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Derivatives

Securities Houses Prep Korean Market Blitz

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Securities heavyweights Goldman Sachs and Lehman Brothers are planning to enter the onshore Korean derivatives market in the coming months.

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Securities heavyweights Goldman Sachs and Lehman Brothers are planning to enter the onshore Korean derivatives market in the coming months. The move comes hot on the heels of Merrill Lynch getting the first derivatives license for an overseas securities house to trade derivatives onshore (DW, 6/21). "With Merrill getting the first license I think there's pressure to speed up the application process," said a fixed income head at a rival firm in Seoul. In addition, Lehman plans to lock-up some USD250 million to secure a full-service license.

Both Goldman and Lehman have brought in market veterans in recent months to supercharge their buildup in the offshore market for Korea and then establish onshore operations. Lehman recruited J.S. Kim, head of trading at Citigroup in Seoul, as a senior v.p. in fixed income in Tokyo (DW, 3/14). Meanwhile, D.K. Shin, head of debt capital markets at Deutsche Bank in Seoul, recently joined Goldman in Hong Kong as a managing director in capital markets. He declined comment on the firm's plans.

"This market is really booming," said Kim, noting that Lehman is now preparing to submit its application for licensing and hopes to begin trading by December. Kim will relocate to Seoul next month to ready the onshore desk, for which he will transfer staff from Hong Kong and Tokyo.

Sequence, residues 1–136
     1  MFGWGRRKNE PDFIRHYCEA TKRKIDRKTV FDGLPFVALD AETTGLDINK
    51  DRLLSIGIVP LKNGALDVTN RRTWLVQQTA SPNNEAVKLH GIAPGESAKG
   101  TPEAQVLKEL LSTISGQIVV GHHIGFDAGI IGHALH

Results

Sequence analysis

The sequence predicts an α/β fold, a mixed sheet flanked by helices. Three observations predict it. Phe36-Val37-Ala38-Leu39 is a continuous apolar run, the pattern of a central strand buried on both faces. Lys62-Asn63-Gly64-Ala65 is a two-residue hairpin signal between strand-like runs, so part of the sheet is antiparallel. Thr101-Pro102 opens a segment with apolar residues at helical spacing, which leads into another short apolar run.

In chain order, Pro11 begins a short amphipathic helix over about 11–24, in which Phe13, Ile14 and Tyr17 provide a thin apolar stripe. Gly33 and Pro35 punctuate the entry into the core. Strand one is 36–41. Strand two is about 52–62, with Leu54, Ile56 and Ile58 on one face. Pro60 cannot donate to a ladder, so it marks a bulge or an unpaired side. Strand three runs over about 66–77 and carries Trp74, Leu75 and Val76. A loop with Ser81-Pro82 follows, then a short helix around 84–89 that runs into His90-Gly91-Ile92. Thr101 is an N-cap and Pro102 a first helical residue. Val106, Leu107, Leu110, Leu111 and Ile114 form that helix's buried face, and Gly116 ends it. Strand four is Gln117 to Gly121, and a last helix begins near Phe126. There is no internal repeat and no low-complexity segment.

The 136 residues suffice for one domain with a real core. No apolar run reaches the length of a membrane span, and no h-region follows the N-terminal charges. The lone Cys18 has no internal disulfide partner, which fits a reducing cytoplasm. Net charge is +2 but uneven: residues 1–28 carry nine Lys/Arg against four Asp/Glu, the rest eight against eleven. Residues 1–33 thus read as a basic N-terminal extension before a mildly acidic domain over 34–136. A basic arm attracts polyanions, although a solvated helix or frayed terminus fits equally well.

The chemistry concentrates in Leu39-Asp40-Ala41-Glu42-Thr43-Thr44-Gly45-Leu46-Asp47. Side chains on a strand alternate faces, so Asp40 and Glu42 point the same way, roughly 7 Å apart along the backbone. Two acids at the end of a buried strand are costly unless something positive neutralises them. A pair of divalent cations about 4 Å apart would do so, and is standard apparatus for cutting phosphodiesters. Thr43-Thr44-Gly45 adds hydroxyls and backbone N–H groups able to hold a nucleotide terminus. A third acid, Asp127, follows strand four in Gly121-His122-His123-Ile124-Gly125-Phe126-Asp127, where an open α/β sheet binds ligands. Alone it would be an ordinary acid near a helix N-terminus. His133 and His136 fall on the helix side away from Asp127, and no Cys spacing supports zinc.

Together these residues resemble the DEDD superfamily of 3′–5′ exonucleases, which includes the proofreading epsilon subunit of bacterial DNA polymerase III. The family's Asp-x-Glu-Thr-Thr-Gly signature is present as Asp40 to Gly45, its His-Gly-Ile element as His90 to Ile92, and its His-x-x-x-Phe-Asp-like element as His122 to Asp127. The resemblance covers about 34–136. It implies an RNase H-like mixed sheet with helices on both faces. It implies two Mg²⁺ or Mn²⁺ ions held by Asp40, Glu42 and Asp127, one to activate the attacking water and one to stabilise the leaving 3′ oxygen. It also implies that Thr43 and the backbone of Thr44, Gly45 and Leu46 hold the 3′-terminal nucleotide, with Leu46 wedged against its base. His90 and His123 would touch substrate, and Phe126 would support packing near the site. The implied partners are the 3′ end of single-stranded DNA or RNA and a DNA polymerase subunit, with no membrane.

Lehman is aiming to get a full derivatives license, which requires KRW300 billion (USD258 million) of reverses to be set aside against potential losses instead of the KRW100 billion that Merrill had to ring-fence for its foreign exchange derivative license. The additional capital commitment will allow Lehman to offer equity derivatives and won interest rate products in addition to the won-cross fixed income derivatives that Merrill can trade. "I believe that pure won rate products have the biggest potential," said Kim. Traditional banks, such as Citigroup, Deutsche Bank, HSBC, JPMorgan and UBS are already offering these products in Korea under their banking licenses.

Meanwhile, Morgan Stanley is waiting on the sidelines, but is in internal discussions about applying for a license. "We're still discussing what type of license will best fit our firm," said an official. He added that it will likely make the decision next year.

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